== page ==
The second was a dilapidated shack. I shot a half-dozen compositions, including the one you see below.
It had been a long, but incredibly productive, morning. After a mid-day respite (I used the break to hit the treadmill back at the hotel), we reconvened at about 3 PM for the afternoon/evening session.
We started off at the iconic Teardrop Arch, well into the Monument Valley back country.
From there, it was off to Mystery Valley, which lent itself to numerous and varied compositions and means of expression.
The light was beginning to fade, but the decision was made to try and shoot the Mittens at sunset. We had to get out of Mystery Valley, get back on the main highway, and zip back to the area near the Monument Valley visitor’s center. In the open air vehicle, moving quickly on the main road was like being in a wind tunnel, but we were fighting the clock. We arrived at our destination less than five minutes before sunset. I quickly grabbed my things and ran to a promising looking spot. We had the wonderful valley view, but no sunset light–the sun was blocked by a bank of clouds hugging the western horizon. This is an east facing shot, so you’re not actually photographing the sunset; you’re waiting for angular end-of-day light to hit the valley formations and light up the red rocks.
I set up, just in case the sun popped out. There was no margin for error, and if it happened it wasn’t going to last very long at all. After fine tuning the composition, setting focus and establishing an exposure based on the bright sky, I waited. I looked behind me, checking the western horizon–it wasn’t promising. I heard E.J., from his position perhaps 25 feet behind me on a ridge, say “it’s not going to happen.” I had already come to the same conclusion. Well, I thought to myself, it had already been an incredible day of shooting. We were bound to face one disappointment. It was too bad, though–I knew that this sunset shot of the Mittens and Merrick Butte was the one image that my wife most hoped I’d come home with and there wasn’t going to be another opportunity to get it since the previous day’s sunset hadn’t happened either and we’d be moving from Monument Valley after sunrise tomorrow.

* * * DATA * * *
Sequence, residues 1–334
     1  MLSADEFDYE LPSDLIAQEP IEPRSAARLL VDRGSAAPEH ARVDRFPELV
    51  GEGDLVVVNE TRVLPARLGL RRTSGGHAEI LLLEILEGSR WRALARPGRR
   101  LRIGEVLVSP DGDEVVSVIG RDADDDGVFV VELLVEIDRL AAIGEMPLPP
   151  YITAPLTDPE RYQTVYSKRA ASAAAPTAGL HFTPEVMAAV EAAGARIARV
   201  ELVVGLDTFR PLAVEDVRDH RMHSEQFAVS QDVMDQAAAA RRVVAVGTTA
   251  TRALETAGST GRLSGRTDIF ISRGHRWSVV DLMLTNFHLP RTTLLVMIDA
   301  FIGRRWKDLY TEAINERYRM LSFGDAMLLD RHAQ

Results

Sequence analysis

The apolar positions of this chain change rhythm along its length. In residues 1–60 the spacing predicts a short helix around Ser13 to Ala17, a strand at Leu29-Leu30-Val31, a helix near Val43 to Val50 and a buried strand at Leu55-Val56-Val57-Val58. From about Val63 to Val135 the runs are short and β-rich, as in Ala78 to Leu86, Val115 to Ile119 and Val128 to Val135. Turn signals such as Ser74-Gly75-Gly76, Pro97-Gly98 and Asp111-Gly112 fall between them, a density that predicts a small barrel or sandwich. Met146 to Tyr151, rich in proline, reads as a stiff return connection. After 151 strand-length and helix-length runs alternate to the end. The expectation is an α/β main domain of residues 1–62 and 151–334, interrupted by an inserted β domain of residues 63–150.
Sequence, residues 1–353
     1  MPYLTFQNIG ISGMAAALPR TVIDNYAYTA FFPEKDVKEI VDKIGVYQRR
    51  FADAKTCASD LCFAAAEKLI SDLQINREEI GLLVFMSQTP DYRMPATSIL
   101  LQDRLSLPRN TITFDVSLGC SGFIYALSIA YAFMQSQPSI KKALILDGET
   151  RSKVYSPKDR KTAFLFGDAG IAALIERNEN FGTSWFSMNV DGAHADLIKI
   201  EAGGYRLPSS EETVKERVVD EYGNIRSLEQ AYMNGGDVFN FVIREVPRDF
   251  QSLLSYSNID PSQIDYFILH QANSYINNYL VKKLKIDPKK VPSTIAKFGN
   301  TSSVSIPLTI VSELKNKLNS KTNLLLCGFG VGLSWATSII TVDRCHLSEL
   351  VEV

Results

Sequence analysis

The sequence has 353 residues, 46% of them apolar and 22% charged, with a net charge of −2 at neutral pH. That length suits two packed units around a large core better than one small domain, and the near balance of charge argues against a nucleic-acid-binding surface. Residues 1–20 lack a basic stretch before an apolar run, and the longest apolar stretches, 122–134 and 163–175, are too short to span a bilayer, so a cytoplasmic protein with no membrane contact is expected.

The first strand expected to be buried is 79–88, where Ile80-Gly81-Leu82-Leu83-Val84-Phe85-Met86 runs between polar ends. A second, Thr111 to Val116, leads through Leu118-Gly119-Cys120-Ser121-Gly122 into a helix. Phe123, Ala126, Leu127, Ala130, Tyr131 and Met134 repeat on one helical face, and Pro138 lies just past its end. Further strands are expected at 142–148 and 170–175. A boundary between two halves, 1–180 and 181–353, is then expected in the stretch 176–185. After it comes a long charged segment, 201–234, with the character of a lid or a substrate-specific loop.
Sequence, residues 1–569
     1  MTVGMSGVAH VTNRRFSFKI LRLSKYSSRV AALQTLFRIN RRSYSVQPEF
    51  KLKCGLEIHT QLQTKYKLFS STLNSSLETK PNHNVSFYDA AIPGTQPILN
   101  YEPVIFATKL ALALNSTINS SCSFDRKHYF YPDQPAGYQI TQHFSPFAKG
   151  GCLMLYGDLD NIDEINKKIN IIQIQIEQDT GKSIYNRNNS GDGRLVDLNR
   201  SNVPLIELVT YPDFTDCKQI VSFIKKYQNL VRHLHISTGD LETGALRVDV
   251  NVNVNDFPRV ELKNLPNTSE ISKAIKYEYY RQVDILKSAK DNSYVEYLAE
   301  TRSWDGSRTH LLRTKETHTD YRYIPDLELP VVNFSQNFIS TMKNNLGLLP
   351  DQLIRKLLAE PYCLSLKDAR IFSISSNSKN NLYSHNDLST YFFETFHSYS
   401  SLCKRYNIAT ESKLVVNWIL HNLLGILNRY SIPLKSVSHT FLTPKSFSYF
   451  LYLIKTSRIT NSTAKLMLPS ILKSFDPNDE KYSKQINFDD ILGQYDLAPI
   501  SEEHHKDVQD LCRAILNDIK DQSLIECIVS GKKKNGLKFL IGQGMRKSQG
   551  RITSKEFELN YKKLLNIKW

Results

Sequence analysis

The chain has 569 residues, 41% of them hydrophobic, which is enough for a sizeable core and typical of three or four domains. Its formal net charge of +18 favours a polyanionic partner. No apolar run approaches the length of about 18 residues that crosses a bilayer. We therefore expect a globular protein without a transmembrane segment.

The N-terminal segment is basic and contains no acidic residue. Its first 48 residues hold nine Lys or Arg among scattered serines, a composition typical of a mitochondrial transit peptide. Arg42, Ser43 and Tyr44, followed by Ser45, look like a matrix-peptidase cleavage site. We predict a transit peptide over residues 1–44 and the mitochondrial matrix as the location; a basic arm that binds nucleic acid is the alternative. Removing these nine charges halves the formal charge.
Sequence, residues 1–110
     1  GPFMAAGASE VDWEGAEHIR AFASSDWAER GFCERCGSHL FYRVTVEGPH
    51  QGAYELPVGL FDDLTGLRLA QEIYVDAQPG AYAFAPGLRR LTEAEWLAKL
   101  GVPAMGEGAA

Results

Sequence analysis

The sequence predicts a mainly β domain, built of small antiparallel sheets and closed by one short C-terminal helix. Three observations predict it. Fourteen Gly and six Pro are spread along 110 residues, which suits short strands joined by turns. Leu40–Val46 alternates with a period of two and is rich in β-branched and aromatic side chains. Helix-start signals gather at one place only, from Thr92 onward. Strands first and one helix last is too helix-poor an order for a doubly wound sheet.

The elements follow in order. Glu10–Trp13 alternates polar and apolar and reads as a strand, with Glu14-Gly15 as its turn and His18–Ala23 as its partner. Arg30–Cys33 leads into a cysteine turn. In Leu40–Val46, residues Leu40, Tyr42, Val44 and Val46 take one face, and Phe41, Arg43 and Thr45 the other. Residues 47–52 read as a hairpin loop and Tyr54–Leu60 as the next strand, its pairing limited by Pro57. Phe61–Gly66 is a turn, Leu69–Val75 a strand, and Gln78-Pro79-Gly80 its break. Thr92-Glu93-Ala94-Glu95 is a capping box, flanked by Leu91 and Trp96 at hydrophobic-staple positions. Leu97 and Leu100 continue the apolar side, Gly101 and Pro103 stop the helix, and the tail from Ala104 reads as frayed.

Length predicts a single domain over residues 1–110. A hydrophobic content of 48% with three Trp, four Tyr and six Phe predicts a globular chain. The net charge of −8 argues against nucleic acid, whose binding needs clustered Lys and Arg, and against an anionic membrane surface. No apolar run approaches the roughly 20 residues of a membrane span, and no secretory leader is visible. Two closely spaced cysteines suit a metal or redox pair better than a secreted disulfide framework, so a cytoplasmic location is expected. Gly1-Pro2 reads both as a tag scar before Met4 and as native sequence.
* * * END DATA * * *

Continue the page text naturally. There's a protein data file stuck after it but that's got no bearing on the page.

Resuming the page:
And then, suddenly….it happened! The sun slipped below the cloud bank, just above the horizon, and hit the formations with phenomenal red-shifted light.
I shot an image just before the one you see here–when the light was still partially defused–and another just as it was fading, with the sun slipping below the horizon. I checked the metadata from both shots; the entire phenomenon lasted barely two minutes, and we had been on site no more than two or three minutes before it began. We had arrived in the nick of time. What a terrific cap to a tremendous day of photography.
There’s an epilogue. After the sun dropped below the horizon, I looked at the western sky and took a grab shot. The composition was complete junk, but I took a shot anyway. Our guide, Fred, encouraged me to move to the other side of the gravel parking lot that I was shooting over, to see if I could find something worthwhile before the light disappeared.
As always, Fred’s advice was spot on. I ran a few hundred yards to the west, across the parking lot and the adjoining road, and make a beeline for a lone juniper that caught my attention. The breeze was light, but it was just enough to produce some movement in the foreground grasses and plants, not to mention in the branches of the tree itself. I wanted to maintain a low ISO to eliminate any chance of noise and to retain as much dynamic range as possible. HDR–requiring multiple exposures–was out. The D800E and its amazing dynamic range came to the rescue again, bookending the day.